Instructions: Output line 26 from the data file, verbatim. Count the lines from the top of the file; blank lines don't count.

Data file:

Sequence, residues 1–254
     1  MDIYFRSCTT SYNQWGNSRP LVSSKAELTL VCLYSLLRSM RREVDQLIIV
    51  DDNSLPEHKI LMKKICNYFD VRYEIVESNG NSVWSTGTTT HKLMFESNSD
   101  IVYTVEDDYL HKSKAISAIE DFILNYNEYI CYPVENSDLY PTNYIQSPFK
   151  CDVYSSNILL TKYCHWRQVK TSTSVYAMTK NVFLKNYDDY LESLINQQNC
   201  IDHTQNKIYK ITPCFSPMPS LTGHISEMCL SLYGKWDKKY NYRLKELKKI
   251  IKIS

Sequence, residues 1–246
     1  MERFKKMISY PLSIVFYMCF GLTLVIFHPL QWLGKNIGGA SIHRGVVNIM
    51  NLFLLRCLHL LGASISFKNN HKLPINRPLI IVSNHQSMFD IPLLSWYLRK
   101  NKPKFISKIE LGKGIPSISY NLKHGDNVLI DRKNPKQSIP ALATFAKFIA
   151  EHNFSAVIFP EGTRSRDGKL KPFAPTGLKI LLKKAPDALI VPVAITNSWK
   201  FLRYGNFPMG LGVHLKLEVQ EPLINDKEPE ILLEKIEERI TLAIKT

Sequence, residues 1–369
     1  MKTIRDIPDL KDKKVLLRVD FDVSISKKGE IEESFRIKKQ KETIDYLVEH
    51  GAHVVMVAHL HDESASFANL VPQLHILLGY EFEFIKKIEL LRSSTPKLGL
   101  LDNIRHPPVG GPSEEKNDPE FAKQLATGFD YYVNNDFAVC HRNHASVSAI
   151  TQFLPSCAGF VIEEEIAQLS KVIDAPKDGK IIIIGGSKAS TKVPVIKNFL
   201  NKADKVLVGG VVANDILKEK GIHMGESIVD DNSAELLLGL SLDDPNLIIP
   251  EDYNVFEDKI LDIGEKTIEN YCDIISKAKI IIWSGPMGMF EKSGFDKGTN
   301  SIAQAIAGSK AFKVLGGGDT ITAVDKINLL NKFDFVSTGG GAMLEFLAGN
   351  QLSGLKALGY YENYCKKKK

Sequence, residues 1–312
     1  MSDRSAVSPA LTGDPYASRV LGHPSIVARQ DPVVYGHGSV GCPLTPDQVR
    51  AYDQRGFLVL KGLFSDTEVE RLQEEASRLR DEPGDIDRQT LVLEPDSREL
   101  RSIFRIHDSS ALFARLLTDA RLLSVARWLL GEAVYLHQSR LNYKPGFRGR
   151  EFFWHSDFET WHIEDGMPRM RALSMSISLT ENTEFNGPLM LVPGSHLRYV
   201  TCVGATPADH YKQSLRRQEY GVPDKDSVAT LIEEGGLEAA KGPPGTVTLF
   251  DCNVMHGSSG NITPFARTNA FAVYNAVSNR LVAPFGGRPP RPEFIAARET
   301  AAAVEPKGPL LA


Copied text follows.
   101  RSIFRIHDSS ALFARLLTDA RLLSVARWLL GEAVYLHQSR LNYKPGFRGR